Open Access

Analog-to-Digital Conversion Using Single-Layer Integrate-and-Fire Networks with Inhibitory Connections

  • Brian C. Watson1Email author,
  • Barry L. Shoop2,
  • Eugene K. Ressler2 and
  • Pankaj K. Das1
EURASIP Journal on Advances in Signal Processing20042004:894284

Received: 14 December 2003

Published: 5 October 2004


We discuss a method for increasing the effective sampling rate of binary A/D converters using an architecture that is inspired by biological neural networks. As in biological systems, many relatively simple components can act in concert without a predetermined progression of states or even a timing signal (clock). The charge-fire cycles of individual A/D converters are coordinated using feedback in a manner that suppresses noise in the signal baseband of the power spectrum of output spikes. We have demonstrated that these networks self-organize and that by utilizing the emergent properties of such networks, it is possible to leverage many A/D converters to increase the overall network sampling rate. We present experimental and simulation results for networks of oversampling 1-bit A/D converters arranged in single-layer integrate-and-fire networks with inhibitory connections. In addition, we demonstrate information transmission and preservation through chains of cascaded single-layer networks.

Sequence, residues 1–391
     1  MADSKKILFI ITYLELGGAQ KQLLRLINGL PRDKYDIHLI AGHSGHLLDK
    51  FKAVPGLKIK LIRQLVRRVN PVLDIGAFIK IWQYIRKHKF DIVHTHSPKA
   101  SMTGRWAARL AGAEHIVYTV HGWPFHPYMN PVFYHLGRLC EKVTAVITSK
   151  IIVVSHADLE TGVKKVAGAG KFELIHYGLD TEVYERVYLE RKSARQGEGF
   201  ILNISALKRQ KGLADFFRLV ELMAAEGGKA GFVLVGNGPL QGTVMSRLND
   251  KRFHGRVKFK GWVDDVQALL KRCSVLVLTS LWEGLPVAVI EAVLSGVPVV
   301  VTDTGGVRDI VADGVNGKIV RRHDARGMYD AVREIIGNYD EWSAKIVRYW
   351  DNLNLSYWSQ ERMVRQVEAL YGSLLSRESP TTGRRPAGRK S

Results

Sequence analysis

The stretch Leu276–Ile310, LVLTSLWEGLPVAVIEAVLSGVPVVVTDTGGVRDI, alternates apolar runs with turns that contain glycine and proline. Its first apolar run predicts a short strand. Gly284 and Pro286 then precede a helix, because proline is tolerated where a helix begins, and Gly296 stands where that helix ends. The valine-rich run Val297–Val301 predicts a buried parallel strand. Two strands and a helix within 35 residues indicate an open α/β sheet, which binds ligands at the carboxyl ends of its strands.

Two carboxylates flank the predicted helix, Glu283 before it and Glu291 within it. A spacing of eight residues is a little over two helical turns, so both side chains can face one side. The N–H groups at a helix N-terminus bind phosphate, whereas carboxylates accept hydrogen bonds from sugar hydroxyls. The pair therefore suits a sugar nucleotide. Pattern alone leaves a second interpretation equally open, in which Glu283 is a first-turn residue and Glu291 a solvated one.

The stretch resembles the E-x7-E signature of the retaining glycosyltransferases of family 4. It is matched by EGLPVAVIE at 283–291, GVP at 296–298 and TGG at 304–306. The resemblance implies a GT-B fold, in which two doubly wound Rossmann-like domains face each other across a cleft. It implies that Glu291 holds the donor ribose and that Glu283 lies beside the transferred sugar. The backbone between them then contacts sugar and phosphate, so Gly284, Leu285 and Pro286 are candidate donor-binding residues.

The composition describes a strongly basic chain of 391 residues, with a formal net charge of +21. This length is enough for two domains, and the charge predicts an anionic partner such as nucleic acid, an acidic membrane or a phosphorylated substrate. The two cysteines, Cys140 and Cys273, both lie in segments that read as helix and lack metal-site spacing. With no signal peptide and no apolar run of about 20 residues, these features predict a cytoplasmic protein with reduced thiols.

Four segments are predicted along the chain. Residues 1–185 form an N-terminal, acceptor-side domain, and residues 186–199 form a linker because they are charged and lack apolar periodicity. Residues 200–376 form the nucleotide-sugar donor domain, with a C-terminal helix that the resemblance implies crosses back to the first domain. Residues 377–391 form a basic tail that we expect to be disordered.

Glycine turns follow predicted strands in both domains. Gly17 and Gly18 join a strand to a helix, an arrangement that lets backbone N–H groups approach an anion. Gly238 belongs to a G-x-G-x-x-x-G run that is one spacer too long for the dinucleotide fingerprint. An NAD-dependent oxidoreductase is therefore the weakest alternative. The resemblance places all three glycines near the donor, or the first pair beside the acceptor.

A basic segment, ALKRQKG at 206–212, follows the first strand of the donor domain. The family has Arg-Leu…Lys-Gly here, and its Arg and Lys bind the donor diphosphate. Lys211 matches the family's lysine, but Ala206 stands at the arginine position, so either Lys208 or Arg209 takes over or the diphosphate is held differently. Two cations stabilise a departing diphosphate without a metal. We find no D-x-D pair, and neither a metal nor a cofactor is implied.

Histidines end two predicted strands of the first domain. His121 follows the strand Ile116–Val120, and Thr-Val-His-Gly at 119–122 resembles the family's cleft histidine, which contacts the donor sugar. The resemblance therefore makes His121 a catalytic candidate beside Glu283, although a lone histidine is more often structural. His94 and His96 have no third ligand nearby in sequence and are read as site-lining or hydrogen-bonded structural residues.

Keywords and phrases

spiking neuronsanalog-to-digital conversionintegrate-and-fire networksneuroscience

Authors’ Affiliations

Department of Electrical and Computer Engineering, University of California
Department of Electrical Engineering and Computer Science, Photonics Research Center, United States Military Academy


© Watson et al. 2004